I’m closing this week with a little sense of pride and achievement. It’s hard to feel any truly positive emotions right now, but when they are driven by the happiness of my bereaved child then I will allow myself the tiniest respite from negativity, self-loathing and misery.
My son has all but rejected female company since the death of his mum. He’s played happily with husbands but then bitten their wives. He’s giggled with his friends’ dads and then barked at their mums. In the park he’s turned from a delightful little boy into a wild child at the sound of the word ‘mummy’ falling innocently from other toddlers’ lips.
So I’ve pulled back. I’ve limited the flow of human traffic through our door. I’ve thanked people for their kind offers but put plans off for some unspecified time in the future. I’ve tried my hardest to re-establish previously strong relationships that my son had with grown-ups, which seemed to lay in tatters in the weeks that followed my wife’s all-too-sudden death. And I haven’t really put him in front of anyone new. What’s more, I can’t really imagine that I will until he seems comfortable with the life he once knew again.
So I feel proud because the approach seems to be paying off. I’ve seen him hold his mummy’s friends’ hands this week. I’ve watched him play with them and smile. I’ve heard them laugh together in the other room.
But the pride I suddenly feel is not for myself. It’s for my son, for learning to understand why his mum trusted and loved these girls so much. And it’s for those same girls for having the patience and energy to persevere with his challenging behaviour towards them when they are inevitably at their weakest. When all they wanted was for the closest being on Earth to their lost friend Desreen to love them back.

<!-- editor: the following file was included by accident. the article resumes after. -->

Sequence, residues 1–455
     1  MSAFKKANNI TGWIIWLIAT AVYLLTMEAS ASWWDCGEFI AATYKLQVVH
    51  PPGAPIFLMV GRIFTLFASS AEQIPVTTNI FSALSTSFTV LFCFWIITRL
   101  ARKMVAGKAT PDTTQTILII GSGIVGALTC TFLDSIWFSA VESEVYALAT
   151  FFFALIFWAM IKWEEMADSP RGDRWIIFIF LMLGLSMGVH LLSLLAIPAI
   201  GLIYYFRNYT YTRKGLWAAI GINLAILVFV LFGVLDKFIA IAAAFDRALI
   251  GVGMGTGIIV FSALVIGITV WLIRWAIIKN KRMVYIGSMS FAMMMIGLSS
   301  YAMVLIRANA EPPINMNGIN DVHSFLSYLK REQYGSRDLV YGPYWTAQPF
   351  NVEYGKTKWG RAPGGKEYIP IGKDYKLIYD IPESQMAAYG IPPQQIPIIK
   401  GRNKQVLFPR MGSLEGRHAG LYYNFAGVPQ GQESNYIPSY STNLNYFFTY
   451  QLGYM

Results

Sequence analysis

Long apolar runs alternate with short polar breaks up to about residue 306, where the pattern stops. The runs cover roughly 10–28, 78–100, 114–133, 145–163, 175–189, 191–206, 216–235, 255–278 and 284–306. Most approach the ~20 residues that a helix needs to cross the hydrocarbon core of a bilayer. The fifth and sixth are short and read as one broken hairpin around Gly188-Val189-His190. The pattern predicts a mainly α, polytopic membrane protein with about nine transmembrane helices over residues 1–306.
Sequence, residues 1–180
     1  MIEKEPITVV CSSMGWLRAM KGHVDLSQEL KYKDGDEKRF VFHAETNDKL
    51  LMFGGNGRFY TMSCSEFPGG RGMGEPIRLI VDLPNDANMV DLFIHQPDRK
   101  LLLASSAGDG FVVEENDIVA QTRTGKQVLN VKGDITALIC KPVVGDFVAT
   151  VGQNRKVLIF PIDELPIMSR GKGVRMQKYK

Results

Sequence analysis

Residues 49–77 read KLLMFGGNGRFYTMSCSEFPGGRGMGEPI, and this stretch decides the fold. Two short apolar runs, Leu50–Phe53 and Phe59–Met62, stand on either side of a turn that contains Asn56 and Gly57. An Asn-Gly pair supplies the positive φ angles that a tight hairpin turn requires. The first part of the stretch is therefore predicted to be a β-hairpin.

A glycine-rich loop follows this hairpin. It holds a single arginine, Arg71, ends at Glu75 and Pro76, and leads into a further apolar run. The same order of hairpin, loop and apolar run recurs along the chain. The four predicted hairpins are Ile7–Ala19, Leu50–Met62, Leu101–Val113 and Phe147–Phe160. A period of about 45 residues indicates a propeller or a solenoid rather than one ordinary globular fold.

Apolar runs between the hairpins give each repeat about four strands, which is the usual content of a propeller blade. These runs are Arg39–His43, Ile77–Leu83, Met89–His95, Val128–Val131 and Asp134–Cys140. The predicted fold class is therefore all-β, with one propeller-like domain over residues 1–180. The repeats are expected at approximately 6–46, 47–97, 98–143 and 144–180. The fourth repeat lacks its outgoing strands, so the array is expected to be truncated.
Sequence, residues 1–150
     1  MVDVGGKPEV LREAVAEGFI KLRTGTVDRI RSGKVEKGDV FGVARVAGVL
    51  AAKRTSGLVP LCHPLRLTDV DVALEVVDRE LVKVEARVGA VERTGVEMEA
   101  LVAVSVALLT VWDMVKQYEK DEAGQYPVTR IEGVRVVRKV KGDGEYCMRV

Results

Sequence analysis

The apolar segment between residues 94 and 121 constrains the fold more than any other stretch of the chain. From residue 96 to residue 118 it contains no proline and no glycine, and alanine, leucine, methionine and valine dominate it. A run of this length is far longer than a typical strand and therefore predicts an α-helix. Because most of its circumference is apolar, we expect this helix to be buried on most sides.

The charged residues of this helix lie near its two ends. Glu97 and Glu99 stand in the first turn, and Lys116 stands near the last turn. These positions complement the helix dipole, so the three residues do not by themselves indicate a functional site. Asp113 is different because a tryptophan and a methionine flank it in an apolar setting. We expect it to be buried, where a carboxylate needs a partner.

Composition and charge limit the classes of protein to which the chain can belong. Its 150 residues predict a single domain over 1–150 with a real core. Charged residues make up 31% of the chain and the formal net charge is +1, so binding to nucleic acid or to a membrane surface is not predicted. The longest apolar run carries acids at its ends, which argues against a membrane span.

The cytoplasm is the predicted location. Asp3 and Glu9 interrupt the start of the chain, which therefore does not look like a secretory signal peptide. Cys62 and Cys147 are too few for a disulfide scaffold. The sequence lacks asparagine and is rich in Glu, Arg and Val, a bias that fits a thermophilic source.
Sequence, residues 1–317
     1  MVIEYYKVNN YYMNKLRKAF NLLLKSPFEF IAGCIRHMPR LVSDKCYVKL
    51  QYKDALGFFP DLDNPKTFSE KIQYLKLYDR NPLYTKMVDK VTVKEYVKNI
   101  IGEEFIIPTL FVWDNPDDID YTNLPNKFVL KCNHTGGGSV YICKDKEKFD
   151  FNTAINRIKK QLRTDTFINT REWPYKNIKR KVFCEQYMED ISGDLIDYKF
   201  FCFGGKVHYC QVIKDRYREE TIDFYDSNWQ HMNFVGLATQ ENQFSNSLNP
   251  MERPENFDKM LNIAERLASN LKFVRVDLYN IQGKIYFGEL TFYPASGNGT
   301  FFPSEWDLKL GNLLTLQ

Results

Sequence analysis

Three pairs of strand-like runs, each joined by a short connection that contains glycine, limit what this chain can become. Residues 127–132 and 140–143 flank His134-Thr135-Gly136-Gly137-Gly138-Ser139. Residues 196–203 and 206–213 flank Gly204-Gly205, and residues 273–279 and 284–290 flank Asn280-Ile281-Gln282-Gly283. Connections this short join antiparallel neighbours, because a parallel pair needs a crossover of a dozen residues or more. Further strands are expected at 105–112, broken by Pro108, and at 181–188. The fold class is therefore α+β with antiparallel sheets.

It’s been a difficult path to travel and I imagine this slightly smoother track may be just a brief interruption to a yet more trying road ahead. But I know that we’re on this journey together and that my wife bequeathed me and my son something in invisible ink within her non-existent will. Friends. The very best kind too. The sort that understand that true friendship survives beyond death. And the sort that will honour that friendship for the rest of their days by bestowing and devoting it to their best friend’s child.
This is syndicated content from Life as a widower
Content reproduced with the kind permission of Benjamin Brooks-Dutton